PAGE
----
Europe’s military is beating the retreat just as the world’s emerging powers are expanding their presence ? an early sign perhaps of a new international order
Associate Senior Policy Fellow
Areas of expertise
United Nations system; European security and defence policy; Africa; Western Balkans
Richard Gowan is an associate fellow at the European Council on Foreign Relations.
He is currently UN director at the International Crisis Group, and was previously research director at New York University’s Center on International Cooperation. He has taught at Columbia University’s School of International and Public Affairs and Stanford in New York, and wrote a weekly column on multilateralism (“Diplomatic Fallout”) for World Politics Review from 2013-2019. He has acted as a consultant to the UN on peacekeeping, political affairs, and migration.
Last year’s Congo crisis brought home the EU’s limitations as a global power. Will it accept them or try to overcome them? Richard Gowan discusses.
A European Parliament debate on the EU?s role on the UN Human Rights Council (HRC) comes at an embarrassing moment
The Congo crisis demonstrated the UN’s limitations, but its longest-lasting effect may be to mark the end of European military interventions in Africa
If the EU or the UN send in substantial reinforcements, rebel leader Laurent Nkunda might pre-empt them by seizing Goma and take peacekeepers hostage
The EU’s leverage to promote human rights through the UN has dramatically declined over the last decade, our exclusive report
There are clear signs that the EU’s influence at the UN is declining in one of the areas on which it is most united: human rights
The “crisis” created by Ireland’s rejection of the Lisbon Treaty is pretty tame – the EU faces far greater dangers in East Africa. But Lisbon could help solve them.
The US presidential candidates should agree to set up an entirely independent team to canvass European views and share ideas for what do next in Iraq
The EU should pay attention to who is appointed as the next chief of the UN’s peacekeeping department
Europe should not confuse development aid’s role in reducing forced migration with that of reducing migration more broadly
Despite the existing crises to the multilateral system, the EU possesses a set of specific strengths needed to actually save the system
The turmoil in the current system represents an opportunity for Europeans to shape a new order that meets their strategic needs
Brexit has the potential to upset European coordination on development and human rights across the UN system
Taking early steps to tackle humanitarian crises is a chance to show the EU has not entirely lost a sense of strategic purpose and that it is able to meet moral
China is taking on a new military role in Africa, seeking to boost its image as a great power that promotes peace and security worldwide
The sixth ECFR Foreign Policy Scorecard highlights the EU’s diminishing ability to influence its neighbours, and the neighbourhood’s growing impact on the EU
The EU needs an honest assessment of its capabilities and to set limited goals behind which member states can show sustainable unity
Europe must learn the lessons of the Iran negotiations and boost Germany’s role at the UN Security Council to combat Russian blocking tactics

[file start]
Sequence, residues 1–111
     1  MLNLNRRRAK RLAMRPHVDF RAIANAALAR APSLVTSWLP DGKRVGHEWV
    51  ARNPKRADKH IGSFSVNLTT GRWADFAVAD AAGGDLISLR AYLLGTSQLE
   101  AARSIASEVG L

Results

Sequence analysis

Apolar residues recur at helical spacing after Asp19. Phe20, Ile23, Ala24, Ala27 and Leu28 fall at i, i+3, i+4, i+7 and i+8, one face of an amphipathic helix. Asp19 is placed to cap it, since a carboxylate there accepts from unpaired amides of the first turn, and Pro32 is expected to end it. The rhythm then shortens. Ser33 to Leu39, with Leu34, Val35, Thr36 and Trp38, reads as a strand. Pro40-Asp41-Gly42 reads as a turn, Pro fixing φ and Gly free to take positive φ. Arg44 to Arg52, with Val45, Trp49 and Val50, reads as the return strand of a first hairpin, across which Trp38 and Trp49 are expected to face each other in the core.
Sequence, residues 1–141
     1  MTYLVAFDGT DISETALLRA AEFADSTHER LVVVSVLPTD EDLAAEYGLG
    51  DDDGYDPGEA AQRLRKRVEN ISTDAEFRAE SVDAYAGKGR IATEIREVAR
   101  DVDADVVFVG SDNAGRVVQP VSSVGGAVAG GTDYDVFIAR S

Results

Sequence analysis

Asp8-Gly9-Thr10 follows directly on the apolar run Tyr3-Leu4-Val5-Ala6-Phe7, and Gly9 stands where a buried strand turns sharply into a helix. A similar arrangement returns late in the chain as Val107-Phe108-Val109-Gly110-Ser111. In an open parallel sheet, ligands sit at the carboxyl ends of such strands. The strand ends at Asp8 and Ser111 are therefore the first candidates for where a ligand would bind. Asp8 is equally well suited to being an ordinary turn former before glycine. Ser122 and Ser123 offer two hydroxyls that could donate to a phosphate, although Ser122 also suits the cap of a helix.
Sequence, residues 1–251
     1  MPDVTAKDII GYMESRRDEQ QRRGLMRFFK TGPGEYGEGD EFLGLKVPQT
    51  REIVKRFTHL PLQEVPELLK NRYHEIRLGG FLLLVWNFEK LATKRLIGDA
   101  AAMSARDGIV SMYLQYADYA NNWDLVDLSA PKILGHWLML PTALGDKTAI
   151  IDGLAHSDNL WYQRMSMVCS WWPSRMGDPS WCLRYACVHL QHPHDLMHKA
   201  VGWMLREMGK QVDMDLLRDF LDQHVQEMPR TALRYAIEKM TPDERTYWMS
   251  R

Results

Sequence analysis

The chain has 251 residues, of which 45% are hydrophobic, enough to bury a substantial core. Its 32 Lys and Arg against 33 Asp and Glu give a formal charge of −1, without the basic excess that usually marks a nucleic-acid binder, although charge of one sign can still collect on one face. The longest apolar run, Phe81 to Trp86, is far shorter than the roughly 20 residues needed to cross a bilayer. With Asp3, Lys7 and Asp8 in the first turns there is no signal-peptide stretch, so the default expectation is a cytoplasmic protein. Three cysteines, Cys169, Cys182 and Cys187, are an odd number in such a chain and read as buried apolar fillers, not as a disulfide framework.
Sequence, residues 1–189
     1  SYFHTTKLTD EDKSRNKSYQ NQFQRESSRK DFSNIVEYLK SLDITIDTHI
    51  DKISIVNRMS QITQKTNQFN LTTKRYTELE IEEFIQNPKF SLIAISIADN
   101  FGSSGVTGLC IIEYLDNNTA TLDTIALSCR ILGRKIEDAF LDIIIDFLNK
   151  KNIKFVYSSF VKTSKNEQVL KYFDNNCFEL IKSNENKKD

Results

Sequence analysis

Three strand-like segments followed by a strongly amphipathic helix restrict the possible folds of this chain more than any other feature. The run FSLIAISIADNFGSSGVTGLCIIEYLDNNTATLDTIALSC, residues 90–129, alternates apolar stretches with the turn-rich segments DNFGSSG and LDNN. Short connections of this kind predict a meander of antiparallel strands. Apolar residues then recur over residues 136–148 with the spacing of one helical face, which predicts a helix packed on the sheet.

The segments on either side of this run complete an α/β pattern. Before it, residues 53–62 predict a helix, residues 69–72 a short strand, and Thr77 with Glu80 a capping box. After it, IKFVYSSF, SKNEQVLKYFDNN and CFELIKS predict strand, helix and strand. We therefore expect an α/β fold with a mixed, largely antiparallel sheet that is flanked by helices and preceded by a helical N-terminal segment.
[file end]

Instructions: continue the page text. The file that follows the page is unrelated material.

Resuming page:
The EU’s habit of outsourcing its military interventions is problematic for a multitude of reasons
The West no longer has a monopoly on values at the UN. But Europeans can shape a new narrative in the changing multilateral system by emphasising their commitment to sovereignty, development, and openness
Although their new friendship treaty does not call for an EU Security Council seat, France and Germany must pitch a compelling vision of multilateralism at the UN
Brutal transactional talks is the only language the new National Security Advisor understands
Running the United Nations is a lonely job for António Guterres – and he seems to prefer it that way.
Before January, Europeans should make preparations to safeguard the UN, again
There are still, for now, some very serious European contenders with real chances of success.
Even if the UK is a diminished power after Brexit international partners will still need its cooperation in the UN and NATO
This week’s World Humanitarian Summit was an opportunity to discuss how to assist the suffering, yet the entire process showed much of the humanitarian sector at its most fragmented and self-indulgent
The European response to the Syrian refugee crisis to date has been characterised by short-term and reactive measures. But this is going to be…
While Syrians currently account for almost 20 percent of the 60 million refugees and IDPs worldwide, they are by no means the only ones…
The multilateral system faces three related crises of power, relevance, and legitimacy. This fraying consensus threatens the EU, which is committed to multilateralism. But the…
ECFR’s director Mark Leonard talks with ECFR’s U.N. expert Richard Gowan among other things about Trump and Macron's addresses at the UNGA, the Korean nuclear crisis,…
This workshop, organised with the Embassy of the Netherlands in London, discusses crisis management in Africa in the age of Trump and Brexit. With:…
ECFR’s director Mark Leonard speaks with Senior Policy Fellow Richard Gowan about the candidates, and the factors that will decide the race. The podcast was recorded…
ECFR’s director Mark Leonard speaks with Somini Sengupta, UN correspondent for the New York Times, Richard Gowan, ECFR Senior Policy Fellow, and Manuel Lafont Rapnouil,…
Richard Gowan, Senior Policy Fellow at ECFR and Professor at Columbia University, explains why the EU received a B- for how it dealt with…
European Foreign Policy Scorecard 2015 – Richard Gowan on Chapter 6: Multilateral Issues and Crisis Management
Richard Gowan, ECFR Associate Fellow and author of Chapter 6, believes that there were several crises the EU had to face in 2014. How…